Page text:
As a result, when getting links to your site, you’d much prefer that the link text and title include keywords or phrases that you want search engine traffic on. Some people placing links to you will probably be happy to do this, and others won’t. Often you’ll get links to your site that you have no control over, but if you do have a choice, you’d prefer that they target your search terms.
Caution — it’s possible to have too much of a good thing: if you have too many inbound links targeting the same term, some search engines may start to penalize your results. Vary your phrasing, and target several phrases.
What’s important to know about link types
Search engines assign your site relevancy in search results based on the number of relevant inbound links. A relevant inbound link is one from a site that is seen as being on a similar or related topic. Most inbound links are worthwhile, but relevant ones are more worthwhile. It’s more valuable to get a few links from many sites than it is to get many links from a few sites.
One way links are considered more valuable than reciprocal links. Reciprocal links are still worthwhile, but they aren’t assigned as much value as one way links are.
Links from some sites give you more relevancy than links from other sites — the more relevant the search engine considers the site linking to you, the more relevance you’ll get from the link. Some sites, such as “free for all” link sites and “link farms”, as well as sites such as adult sites and “semi-recreational pharmaceutical” sites are considered by some search engines to be “bad neighborhoods”. A link from these sites will give you very little value, and may even hurt your relevancy.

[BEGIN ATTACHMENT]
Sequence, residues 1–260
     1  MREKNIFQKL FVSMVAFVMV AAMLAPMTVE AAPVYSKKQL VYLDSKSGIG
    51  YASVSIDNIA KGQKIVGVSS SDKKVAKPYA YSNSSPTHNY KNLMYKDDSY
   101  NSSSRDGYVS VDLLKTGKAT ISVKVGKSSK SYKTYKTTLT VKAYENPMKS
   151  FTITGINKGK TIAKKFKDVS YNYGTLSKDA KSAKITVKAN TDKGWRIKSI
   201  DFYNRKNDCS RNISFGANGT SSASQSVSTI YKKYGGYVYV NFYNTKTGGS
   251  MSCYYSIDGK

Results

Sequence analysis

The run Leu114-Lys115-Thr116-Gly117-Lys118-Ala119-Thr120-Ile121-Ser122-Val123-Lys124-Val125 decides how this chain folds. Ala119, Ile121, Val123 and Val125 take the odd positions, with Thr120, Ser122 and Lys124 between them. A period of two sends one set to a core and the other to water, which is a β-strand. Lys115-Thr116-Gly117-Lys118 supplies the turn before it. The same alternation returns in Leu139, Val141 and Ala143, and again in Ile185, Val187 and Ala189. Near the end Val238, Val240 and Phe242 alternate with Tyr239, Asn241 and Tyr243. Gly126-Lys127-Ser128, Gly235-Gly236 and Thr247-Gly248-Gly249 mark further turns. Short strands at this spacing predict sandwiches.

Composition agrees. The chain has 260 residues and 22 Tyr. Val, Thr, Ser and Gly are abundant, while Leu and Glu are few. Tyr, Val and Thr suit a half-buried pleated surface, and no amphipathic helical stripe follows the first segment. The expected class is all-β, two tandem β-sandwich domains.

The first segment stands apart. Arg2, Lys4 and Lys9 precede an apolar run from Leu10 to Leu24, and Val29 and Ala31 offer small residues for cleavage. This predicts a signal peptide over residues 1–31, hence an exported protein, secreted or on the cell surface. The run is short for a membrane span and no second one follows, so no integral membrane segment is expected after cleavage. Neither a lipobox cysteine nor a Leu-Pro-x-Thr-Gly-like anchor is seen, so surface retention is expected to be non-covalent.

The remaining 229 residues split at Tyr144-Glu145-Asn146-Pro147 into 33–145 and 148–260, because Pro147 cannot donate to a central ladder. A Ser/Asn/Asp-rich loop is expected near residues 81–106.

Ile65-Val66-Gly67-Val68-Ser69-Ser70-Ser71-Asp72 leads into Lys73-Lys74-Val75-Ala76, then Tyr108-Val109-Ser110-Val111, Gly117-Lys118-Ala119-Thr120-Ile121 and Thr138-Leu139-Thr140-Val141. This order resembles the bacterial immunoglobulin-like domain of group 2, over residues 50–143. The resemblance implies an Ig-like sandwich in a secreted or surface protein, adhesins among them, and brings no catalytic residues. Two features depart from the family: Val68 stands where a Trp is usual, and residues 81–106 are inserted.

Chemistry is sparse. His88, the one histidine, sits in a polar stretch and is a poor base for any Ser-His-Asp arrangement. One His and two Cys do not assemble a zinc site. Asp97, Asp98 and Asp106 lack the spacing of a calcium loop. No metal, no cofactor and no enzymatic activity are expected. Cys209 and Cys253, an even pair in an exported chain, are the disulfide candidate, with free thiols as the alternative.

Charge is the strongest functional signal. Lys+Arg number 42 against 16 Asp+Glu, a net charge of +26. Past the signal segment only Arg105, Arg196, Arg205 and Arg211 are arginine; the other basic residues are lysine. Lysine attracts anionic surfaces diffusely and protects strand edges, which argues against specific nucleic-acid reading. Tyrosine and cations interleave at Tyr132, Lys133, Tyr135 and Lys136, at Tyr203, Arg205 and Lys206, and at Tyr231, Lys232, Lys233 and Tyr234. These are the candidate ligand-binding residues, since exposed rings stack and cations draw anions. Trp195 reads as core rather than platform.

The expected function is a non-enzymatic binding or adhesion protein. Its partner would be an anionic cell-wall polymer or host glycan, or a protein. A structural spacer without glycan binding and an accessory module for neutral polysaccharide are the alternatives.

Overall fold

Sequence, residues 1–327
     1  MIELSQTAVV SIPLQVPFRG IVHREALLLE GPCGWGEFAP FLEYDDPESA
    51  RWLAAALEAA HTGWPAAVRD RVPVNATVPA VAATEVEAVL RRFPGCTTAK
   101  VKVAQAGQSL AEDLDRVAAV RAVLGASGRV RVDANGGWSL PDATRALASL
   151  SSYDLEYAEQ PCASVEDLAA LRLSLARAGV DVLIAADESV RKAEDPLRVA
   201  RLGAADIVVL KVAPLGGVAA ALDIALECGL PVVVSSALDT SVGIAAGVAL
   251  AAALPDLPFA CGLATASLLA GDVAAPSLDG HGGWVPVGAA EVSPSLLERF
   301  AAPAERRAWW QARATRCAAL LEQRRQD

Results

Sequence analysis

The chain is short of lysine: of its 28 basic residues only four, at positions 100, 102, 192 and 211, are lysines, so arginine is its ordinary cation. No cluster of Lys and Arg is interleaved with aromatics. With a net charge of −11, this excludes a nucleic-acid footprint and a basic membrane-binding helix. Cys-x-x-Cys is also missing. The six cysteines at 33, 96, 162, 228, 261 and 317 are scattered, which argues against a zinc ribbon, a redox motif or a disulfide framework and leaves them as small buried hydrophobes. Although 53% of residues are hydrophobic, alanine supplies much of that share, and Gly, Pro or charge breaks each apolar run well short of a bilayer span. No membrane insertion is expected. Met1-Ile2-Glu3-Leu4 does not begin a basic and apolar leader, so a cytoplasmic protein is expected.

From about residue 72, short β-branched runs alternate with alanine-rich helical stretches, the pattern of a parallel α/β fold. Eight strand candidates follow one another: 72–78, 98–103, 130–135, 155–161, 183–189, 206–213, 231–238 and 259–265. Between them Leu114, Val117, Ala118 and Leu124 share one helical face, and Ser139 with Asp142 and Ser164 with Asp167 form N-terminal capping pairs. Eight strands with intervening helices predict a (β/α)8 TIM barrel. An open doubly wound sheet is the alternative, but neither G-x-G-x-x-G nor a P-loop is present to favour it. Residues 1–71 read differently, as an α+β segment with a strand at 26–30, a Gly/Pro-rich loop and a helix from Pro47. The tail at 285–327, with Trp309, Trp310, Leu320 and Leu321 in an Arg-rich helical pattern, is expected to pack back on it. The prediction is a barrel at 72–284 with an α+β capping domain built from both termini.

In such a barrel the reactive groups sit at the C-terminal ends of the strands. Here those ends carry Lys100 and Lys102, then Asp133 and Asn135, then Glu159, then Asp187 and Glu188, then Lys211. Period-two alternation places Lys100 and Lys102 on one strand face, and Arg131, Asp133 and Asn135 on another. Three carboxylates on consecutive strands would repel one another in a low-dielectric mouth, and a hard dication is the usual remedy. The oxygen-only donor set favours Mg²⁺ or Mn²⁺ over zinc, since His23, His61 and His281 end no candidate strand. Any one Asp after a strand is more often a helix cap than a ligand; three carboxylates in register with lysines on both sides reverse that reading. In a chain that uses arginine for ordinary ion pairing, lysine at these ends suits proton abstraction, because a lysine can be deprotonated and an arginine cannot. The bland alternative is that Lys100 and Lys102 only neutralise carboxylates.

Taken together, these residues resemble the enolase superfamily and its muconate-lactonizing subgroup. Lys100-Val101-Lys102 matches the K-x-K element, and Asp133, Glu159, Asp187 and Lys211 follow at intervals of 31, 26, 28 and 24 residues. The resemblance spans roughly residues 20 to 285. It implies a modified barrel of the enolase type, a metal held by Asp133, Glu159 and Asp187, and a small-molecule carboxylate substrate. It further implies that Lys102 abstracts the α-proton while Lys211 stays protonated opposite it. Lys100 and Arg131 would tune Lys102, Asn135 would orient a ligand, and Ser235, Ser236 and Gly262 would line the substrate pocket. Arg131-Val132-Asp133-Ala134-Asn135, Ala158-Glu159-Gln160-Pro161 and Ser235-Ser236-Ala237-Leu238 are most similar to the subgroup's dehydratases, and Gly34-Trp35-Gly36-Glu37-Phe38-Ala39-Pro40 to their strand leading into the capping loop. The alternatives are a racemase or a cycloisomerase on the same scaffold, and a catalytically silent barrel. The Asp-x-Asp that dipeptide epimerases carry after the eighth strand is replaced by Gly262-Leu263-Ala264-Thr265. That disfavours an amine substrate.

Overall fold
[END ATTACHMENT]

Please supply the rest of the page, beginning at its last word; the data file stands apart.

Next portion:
Outbound links can help you, or hurt you. If you place links to “authority sites”, sites that search engines consider to be an authority on a subject, these links can improve your search engine results. You can often find sites that a search engine considers authoritative on a subject by searching on the subject and looking at the top results. Conversely, just like inbound links, outbound links to “bad neighborhoods” can hurt your search engine results.
Caution — it’s easy to get caught up in search engine effects, and overlook the users of your site. It’s fine to link to “authority” sites, if they actually add value to your users at the place where you place the link. On the other hand, adding links to authority sites just to add them looks stilted and can hurt your credibility in the eyes of your users — who are typically people you want as customers.
Other things about links
There are several more esoteric types of links that we haven’t covered here. For instance, bookmark links can link to other sections of the same page, or a specific section of another page. Links don’t always have to be to other web pages — a “mailto” link can indicate that the link is to an e-mail address, the the user’s browser will open a new message to that address when it’s clicked on.